Fire risk amid a housing crisis — California’s challenging new reality


California has a lot of moratoriums it needs to worry about.

Even as Gov. Gavin Newsom and state lawmakers rush to extend California’s eviction moratorium before it expires next week, another big deadline looms on the horizon. In November, the state’s moratorium on insurance companies dropping coverage for Californians living in wildfire-prone areas is set to end — meaning at least 2.1 million residents could soon find themselves without homeowners’ insurance.

That doesn’t bode well for a state whose fire season is starting earlier and lasting longer. On Monday, more than 450 firefighters were attacking the Willow Fire in Monterey County. The blaze, which started Thursday, has forced hundreds of residents to evacuate and continues to threaten historic sites, including one of the country’s oldest Japanese Buddhist Soto Zen monasteries.

Wildfires are also expanding geographically, engulfing regions long thought to be immune from blazes. Yet developers are increasingly looking to build homes in areas deemed “fire hazard severity zones” as house prices skyrocket and housing demand far outstrips supply, the Sacramento Bee reports. Lawmakers have tried to curb the practice without much success, though former Attorney General Xavier Becerra joined lawsuits to stop two developments in Lake and San Diego counties, citing fire risk.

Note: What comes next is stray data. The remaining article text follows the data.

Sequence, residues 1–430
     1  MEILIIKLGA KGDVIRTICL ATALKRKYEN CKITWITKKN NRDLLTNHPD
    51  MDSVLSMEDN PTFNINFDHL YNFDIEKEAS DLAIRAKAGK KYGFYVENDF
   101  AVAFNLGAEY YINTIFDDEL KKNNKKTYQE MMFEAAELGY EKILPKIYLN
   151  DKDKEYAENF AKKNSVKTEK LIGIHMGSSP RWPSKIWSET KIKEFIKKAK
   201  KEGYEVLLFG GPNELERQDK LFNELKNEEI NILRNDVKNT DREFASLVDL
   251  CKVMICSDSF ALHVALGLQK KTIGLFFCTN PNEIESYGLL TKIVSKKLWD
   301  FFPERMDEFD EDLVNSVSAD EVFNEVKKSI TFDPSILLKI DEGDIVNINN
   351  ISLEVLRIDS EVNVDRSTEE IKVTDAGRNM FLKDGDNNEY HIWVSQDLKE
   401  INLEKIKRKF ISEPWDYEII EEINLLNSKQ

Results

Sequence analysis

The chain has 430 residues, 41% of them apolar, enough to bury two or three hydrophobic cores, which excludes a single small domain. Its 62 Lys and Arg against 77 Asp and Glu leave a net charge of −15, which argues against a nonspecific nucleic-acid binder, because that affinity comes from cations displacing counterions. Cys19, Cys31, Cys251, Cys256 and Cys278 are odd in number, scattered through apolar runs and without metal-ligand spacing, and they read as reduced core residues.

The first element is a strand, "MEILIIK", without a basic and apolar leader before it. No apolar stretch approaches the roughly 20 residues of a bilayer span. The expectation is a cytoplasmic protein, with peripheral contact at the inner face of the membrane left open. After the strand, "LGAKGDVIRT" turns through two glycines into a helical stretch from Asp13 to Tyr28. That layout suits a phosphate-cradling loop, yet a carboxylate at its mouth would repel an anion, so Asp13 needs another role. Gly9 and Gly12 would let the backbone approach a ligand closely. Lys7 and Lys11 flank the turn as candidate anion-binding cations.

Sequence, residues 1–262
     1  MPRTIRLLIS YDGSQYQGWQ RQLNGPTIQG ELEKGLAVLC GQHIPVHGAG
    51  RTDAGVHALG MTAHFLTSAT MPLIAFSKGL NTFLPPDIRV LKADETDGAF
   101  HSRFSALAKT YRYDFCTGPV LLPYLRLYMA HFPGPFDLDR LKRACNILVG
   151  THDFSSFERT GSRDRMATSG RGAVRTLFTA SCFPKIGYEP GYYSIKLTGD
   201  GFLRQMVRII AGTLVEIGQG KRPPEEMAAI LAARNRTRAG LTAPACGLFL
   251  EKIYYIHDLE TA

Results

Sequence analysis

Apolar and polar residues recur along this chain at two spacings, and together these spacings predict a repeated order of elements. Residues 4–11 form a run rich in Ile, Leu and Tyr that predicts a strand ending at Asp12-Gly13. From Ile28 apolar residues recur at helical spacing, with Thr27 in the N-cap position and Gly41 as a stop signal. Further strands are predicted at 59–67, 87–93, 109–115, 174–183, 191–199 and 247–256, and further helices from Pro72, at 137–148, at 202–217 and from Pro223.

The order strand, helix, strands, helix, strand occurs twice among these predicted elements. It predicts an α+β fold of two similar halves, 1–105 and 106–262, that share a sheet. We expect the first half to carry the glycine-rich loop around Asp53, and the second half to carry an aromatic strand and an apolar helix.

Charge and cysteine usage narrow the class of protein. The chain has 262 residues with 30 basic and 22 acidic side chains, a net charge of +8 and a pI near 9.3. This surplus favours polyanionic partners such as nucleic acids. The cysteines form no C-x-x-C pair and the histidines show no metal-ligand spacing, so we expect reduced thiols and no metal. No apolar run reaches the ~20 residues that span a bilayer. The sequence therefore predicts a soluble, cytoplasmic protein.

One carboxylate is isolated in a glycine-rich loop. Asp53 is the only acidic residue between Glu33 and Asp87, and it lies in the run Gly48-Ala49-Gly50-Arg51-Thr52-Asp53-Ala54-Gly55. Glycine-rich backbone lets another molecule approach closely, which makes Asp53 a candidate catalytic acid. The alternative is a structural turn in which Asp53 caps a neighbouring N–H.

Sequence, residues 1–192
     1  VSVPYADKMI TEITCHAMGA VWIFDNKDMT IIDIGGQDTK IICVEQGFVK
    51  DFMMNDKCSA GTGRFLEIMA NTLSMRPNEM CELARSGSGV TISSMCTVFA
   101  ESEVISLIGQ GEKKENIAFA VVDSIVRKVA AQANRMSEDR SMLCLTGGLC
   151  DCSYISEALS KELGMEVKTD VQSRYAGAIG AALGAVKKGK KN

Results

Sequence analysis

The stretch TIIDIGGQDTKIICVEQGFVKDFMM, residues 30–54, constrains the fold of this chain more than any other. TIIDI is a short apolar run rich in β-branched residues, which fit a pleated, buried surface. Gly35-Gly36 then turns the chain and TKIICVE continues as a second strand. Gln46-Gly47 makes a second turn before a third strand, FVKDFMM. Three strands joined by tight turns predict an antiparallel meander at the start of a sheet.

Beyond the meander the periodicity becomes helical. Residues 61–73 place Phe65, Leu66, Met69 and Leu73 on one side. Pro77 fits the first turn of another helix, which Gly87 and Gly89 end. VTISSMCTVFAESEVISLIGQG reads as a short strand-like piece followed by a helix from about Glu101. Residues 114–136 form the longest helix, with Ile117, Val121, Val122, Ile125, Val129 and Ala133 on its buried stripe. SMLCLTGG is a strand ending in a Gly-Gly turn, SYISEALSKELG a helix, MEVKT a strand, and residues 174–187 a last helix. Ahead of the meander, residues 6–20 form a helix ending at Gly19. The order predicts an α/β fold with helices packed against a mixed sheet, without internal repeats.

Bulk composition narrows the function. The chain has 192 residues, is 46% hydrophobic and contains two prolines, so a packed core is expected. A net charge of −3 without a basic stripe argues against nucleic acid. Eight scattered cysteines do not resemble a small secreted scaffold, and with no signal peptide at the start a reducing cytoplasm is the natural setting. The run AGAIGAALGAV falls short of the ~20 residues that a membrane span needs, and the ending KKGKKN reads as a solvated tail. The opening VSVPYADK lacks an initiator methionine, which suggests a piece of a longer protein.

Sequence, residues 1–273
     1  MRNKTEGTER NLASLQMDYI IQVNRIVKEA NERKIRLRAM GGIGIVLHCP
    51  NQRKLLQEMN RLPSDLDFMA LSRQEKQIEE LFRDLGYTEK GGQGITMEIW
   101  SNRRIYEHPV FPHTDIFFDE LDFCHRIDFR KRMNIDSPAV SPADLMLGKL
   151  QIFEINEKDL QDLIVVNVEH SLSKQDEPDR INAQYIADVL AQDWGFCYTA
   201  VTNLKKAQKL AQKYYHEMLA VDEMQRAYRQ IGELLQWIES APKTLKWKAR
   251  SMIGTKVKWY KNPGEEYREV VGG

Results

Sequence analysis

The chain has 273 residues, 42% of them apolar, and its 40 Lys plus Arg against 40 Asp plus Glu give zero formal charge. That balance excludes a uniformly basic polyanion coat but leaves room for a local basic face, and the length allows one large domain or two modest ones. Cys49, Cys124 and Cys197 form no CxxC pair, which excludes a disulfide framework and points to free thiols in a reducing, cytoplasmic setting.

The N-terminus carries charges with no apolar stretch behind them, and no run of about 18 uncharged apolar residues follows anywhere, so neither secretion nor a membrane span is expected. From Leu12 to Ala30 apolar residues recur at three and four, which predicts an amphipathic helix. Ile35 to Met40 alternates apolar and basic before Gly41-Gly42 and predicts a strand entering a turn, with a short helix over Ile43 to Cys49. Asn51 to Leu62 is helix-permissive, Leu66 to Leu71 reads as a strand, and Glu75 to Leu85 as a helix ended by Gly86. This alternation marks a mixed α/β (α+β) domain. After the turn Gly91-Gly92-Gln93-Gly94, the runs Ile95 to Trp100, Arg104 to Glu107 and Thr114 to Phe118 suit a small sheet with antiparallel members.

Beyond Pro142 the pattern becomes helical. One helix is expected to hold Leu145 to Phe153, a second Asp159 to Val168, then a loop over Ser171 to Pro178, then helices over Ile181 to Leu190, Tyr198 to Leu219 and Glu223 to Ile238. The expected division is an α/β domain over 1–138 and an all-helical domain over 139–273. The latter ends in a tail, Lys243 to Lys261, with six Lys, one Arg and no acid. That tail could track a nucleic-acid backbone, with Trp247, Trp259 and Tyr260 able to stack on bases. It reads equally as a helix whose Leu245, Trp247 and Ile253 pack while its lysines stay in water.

Lake County Supervisor Moke Simon: “Developing more housing supply is an area of profound concern, and we also need thriving businesses to employ local residents and strengthen our economy. Neither of these will happen if we adopt a perspective that wildfire-prone areas of the state should cease all development.”

Developers say they’re taking extensive measures to protect homes, including building fire-resilient roofs, tempered windows and sprinkler systems. Newsom has proposed allocating millions of dollars to harden homes against fires, though he wants to funnel much more money into fire breaks — a strategy that had limited success last year, a San Francisco Chronicle investigation found.

And despite the danger of losing their home — not to mention their insurance — many Californians living in wildfire zones have no intention of leaving.

Lynn Grace, who lost her Napa County home in last year’s Glass Fire: “My family’s been here since the 1850s. … This is our new reality and we’re going to make it work.”


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